Processes Affecting the Abundance of Astrobiologically Relevant Compounds from Icy Bodies Within the Solar System




Bouquet, Alexis

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Several icy bodies of the solar system host, or are suspected to host, an ocean of liquid water beneath their icy crust. The most prominent two examples of these "ocean worlds" are Jupiter's moon Europa (target of the future Europa Clipper mission) and Saturn's moon Enceladus (object of abundant observations by the Cassini mission). The presence of liquid water raises the question of whether these bodies could host life as we know it. The first step in answering this question is to investigate their habitability: do these oceans offer suitable conditions for life to emerge and sustain itself? Habitability requires not only water, but a source of energy (chemical redox disequilibrium) and the availability of CHNOPS elements (Carbon, Hydrogen, Nitrogen, Oxygen, Phosphorus, Sulfur). Determining habitability can be done only through a comprehensive understanding of the chemical composition of these oceans beneath the ice.

We discuss several processes that can affect our understanding of compounds related to the habitability of a subglacial ocean, with a focus on Enceladus. This moon of Saturn offers an extraordinary opportunity to astrobiologists as its south pole is geologically active, with geysers that allowed Cassini to sample its ocean.. However, analysis of these samples requires extensive interpretation to constrain the conditions in the ocean.

Clathrate formation can alter the abundance of volatile molecules in the ocean by trapping them in the ice shell. We use a statistical thermodynamic model to investigate this alteration and find that the abundance of methane relative to other volatiles in the plumes is higher than expected, indicating either a fast rate of production of methane in the ocean, an ongoing destabilization of clathrate releasing their content into the ocean or the plumes, or a non-saturated ocean that is not favorable to clathrate formation.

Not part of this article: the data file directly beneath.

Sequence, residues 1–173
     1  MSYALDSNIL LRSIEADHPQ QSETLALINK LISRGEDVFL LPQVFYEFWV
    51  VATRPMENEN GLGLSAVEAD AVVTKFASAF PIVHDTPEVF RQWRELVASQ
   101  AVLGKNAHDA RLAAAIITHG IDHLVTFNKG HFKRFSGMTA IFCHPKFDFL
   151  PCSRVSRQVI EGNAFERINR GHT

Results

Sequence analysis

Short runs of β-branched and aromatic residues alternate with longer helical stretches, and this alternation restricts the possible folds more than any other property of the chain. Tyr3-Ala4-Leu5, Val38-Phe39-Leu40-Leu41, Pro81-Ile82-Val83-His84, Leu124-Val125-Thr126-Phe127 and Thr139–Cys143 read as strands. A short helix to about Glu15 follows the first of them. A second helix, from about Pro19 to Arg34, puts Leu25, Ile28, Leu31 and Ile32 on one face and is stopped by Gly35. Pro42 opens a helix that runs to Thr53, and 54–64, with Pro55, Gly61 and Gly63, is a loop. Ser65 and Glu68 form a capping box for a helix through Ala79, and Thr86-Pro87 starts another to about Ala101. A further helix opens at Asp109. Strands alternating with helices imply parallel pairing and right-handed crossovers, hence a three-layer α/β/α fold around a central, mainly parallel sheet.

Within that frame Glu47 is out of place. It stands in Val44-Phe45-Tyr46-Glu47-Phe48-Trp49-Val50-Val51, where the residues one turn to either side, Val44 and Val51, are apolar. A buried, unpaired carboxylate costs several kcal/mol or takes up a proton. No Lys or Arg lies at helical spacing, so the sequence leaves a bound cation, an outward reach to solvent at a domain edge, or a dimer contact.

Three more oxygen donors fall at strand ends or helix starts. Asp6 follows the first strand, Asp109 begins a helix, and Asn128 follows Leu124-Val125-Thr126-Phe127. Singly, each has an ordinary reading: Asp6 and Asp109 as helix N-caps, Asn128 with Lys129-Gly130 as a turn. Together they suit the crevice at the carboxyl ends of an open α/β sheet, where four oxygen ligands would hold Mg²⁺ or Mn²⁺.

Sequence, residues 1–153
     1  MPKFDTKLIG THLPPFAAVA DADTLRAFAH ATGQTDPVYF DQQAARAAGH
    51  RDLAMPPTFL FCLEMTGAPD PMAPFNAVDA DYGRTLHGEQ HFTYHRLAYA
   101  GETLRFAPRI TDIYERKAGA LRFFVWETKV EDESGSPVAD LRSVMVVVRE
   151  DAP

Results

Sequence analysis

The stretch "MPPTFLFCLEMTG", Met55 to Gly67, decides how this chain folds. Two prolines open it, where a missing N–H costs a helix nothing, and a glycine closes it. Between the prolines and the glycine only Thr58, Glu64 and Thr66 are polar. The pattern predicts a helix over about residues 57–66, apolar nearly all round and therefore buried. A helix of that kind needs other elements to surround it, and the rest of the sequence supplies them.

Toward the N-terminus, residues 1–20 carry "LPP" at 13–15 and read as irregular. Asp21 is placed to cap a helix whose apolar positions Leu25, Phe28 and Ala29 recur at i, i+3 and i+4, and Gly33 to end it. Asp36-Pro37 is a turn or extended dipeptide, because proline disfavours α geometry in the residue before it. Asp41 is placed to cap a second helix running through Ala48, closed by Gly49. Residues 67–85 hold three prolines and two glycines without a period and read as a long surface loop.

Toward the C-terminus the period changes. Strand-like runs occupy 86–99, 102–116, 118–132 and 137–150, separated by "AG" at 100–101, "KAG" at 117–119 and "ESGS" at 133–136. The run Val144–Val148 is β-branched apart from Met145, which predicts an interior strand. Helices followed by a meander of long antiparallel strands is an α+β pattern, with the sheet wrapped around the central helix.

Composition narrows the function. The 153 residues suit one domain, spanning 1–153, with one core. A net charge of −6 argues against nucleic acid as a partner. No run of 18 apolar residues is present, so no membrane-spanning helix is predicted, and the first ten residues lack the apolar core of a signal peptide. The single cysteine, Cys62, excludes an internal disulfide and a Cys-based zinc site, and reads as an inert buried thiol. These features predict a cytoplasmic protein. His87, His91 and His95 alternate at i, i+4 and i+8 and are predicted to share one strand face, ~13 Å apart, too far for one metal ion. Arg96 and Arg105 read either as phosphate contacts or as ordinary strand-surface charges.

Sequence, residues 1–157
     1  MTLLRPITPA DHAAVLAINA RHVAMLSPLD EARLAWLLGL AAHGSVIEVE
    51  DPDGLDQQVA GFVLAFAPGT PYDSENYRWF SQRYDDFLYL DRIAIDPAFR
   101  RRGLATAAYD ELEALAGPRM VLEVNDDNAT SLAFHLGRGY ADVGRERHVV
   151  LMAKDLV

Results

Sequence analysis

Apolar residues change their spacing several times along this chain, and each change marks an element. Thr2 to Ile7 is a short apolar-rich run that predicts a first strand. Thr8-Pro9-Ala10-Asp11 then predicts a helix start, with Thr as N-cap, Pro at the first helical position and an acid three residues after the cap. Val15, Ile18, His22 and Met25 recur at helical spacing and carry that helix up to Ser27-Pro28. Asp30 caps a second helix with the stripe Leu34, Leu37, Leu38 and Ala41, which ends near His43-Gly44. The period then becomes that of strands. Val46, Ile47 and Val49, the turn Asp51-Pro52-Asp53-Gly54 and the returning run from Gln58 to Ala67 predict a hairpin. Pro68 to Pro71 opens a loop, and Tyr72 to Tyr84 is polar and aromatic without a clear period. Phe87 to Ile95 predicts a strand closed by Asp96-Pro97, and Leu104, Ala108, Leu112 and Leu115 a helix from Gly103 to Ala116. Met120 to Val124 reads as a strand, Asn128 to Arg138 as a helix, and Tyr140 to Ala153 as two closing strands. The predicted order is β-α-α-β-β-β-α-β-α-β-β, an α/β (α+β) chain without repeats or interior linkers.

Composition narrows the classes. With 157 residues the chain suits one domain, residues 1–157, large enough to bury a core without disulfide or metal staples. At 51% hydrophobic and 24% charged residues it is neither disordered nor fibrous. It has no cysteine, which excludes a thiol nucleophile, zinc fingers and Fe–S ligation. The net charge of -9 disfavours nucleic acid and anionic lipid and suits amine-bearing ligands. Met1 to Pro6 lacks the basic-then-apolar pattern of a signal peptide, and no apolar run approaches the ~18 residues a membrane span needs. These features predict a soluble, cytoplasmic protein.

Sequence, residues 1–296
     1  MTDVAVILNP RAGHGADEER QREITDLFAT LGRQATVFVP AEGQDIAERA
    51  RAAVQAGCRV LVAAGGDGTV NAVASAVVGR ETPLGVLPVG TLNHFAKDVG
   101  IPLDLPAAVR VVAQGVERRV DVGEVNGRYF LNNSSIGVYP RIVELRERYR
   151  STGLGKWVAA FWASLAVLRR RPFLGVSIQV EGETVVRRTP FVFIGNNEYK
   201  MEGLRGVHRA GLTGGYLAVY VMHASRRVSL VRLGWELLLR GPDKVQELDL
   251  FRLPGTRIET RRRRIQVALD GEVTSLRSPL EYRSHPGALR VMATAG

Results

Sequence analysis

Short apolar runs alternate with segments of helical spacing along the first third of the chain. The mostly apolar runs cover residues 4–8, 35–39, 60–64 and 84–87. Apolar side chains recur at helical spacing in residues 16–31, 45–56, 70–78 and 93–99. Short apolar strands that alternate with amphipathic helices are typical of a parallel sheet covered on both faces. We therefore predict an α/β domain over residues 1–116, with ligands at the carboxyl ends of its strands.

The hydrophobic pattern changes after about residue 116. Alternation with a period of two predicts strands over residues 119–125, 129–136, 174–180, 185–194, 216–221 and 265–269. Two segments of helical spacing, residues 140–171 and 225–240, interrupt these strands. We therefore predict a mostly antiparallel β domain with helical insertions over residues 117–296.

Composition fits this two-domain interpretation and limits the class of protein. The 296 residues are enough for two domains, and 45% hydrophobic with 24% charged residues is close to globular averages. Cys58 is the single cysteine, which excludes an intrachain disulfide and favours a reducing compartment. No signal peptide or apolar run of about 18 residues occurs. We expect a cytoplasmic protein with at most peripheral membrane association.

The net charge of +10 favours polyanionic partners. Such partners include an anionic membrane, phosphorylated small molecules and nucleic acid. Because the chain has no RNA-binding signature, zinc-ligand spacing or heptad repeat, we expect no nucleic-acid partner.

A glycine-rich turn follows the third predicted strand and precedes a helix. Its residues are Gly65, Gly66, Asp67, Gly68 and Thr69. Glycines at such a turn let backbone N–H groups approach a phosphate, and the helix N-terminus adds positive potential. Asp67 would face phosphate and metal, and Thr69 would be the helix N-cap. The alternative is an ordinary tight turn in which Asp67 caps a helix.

The presence of molecular hydrogen (H2) in an ocean world is crucial for astrobiological considerations as it is a reactant in the metabolic process of methanogenesis, and only an ongoing production can ensure its presence in a small icy moon incapable of trapping a sizeable reservoir of this light molecule. We analyze the data of Cassini's Ion and Neutral Mass Spectrometer at Enceladus to disentangle the detection of H2 in the plumes from instrumental effects, and uncover several unresolved issues in our understanding of the instrument's response in this complex environment. We then investigate the role of endogenic radiolysis - the radiation chemistry of water induced by radioactive elements present in the rocky core - in the production of H2 in ocean worlds of the solar system. This process is a small but steady supplement to the hydrothermal production necessary to explain the amount of H2 seen at Enceladus.

Enceladus' plumes are generated by a system of cracks between the ocean and the surface, in which compounds in gas phase interact with the cold crack walls and the ice grains of the plumes. Various organics can adsorb onto the icy surfaces, with the stickiest compounds detectable mostly on the surface of ice grains rather than in gas phase. This bears consequences on what would be the most adequate type of observation for detecting these compounds, between remote observation, analysis of grains, or mass spectrometry focused on the gas phase. We model the adsorption of several light organics and find how oxygen-bearing compounds are more likely to be affected by adsorption, which has to be accounted for in our interpretation of Cassini data and of future observations of any ocean world.


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Astrobiology, Enceladus, Habitability, Icy Moons, Mass Spectrometry



Physics and Astronomy